Part of Woolly Mammoth Theatre Company's marketing and community engagement campaign for their current production of Clybourne Park has been to enlist neighborhood bloggers to see the show and answer the question:
Frankly, yes it is.
Clybourne Park is the story of a bungalow in the fictional inner-ring suburb of Chicago by the same name. The first half of the show takes place in 1959, and the plot centers around a middle-aged white couple who are moving out of the house to a new home in a further-out suburb. Tensions rise when the Clybourne Park neighbors discover that the family who is moving into the couple's old house is black.
The second half takes place in 2009, when the neighborhood is transitioning from the predominantly black neighborhood it became in the 1960s into a more diverse neighborhood with a Whole Foods. The conflict in the second act? The young white couple that bought the bungalow wants to tear it down and build a larger house, despite protestations by the preservation-focused neighborhood association.
Granted, Anacostia doesn't have a Whole Foods (yet), but the story mirrors the changes that are happening here. Racial accusations, the ever-controversial topic of "gentrification", and neighborhood development character are part of conversations I hear and am part of every week. What should Anacostia become? Who gets to stay? How will its built legacies and histories be preserved?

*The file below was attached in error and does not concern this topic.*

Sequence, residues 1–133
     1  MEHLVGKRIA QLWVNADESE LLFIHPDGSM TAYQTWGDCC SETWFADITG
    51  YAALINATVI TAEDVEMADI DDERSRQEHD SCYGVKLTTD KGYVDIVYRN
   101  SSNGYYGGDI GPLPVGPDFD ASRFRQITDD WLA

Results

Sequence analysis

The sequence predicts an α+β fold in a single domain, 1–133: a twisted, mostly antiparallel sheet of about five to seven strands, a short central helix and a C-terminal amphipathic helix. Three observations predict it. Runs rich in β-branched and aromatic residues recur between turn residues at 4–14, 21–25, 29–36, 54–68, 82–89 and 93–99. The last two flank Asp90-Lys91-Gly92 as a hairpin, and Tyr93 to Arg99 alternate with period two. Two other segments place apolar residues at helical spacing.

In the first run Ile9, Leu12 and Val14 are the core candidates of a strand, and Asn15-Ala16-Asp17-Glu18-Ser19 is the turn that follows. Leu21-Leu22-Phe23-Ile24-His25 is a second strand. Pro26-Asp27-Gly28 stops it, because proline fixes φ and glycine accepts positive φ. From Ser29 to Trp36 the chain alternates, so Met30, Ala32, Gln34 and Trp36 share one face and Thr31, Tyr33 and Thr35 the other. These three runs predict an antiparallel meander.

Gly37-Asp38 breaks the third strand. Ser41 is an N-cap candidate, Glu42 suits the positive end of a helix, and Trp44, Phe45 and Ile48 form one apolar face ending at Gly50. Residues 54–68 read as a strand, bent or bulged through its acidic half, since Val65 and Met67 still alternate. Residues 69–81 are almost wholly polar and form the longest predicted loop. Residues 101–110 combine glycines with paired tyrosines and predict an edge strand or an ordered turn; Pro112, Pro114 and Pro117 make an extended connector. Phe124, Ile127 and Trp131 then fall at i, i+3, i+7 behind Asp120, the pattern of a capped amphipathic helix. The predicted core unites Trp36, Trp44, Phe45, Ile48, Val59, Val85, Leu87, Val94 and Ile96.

Like Clybourne Park, Anacostia (Historic Anacostia / Uniontown) was an all-white neighborhood until the 1960s. Its businesses and housing stock saw major declines in the second part of the 20th century. And like in Clybourne Park, today there are many people and organizations here in Anacostia that are interested in seeing the neighborhood develop into something that recognizes history, respects its buildings, and fuses new with old.
If you like the place you live, the people you are used to seeing, and the routines you are used to walking, it's easy to be afraid of the unfamiliar. Clybourne Park, the play, doesn't answer the tough questions about gentrification, racial stereotypes, etc, but it poses them in such a way that makes you want to talk. I think that's the best kind of art.
Want to see Clybourne Park for yourself? Readers of And Now, Anacostia can see any performance of Clybourne Park for only $15. Use this numeric code 789 when arranging tickets. Reservations can be made online, over the phone (202-393-3939), or in person (641 D Street NW, Washington, DC). Clybourne Park runs through April 17th.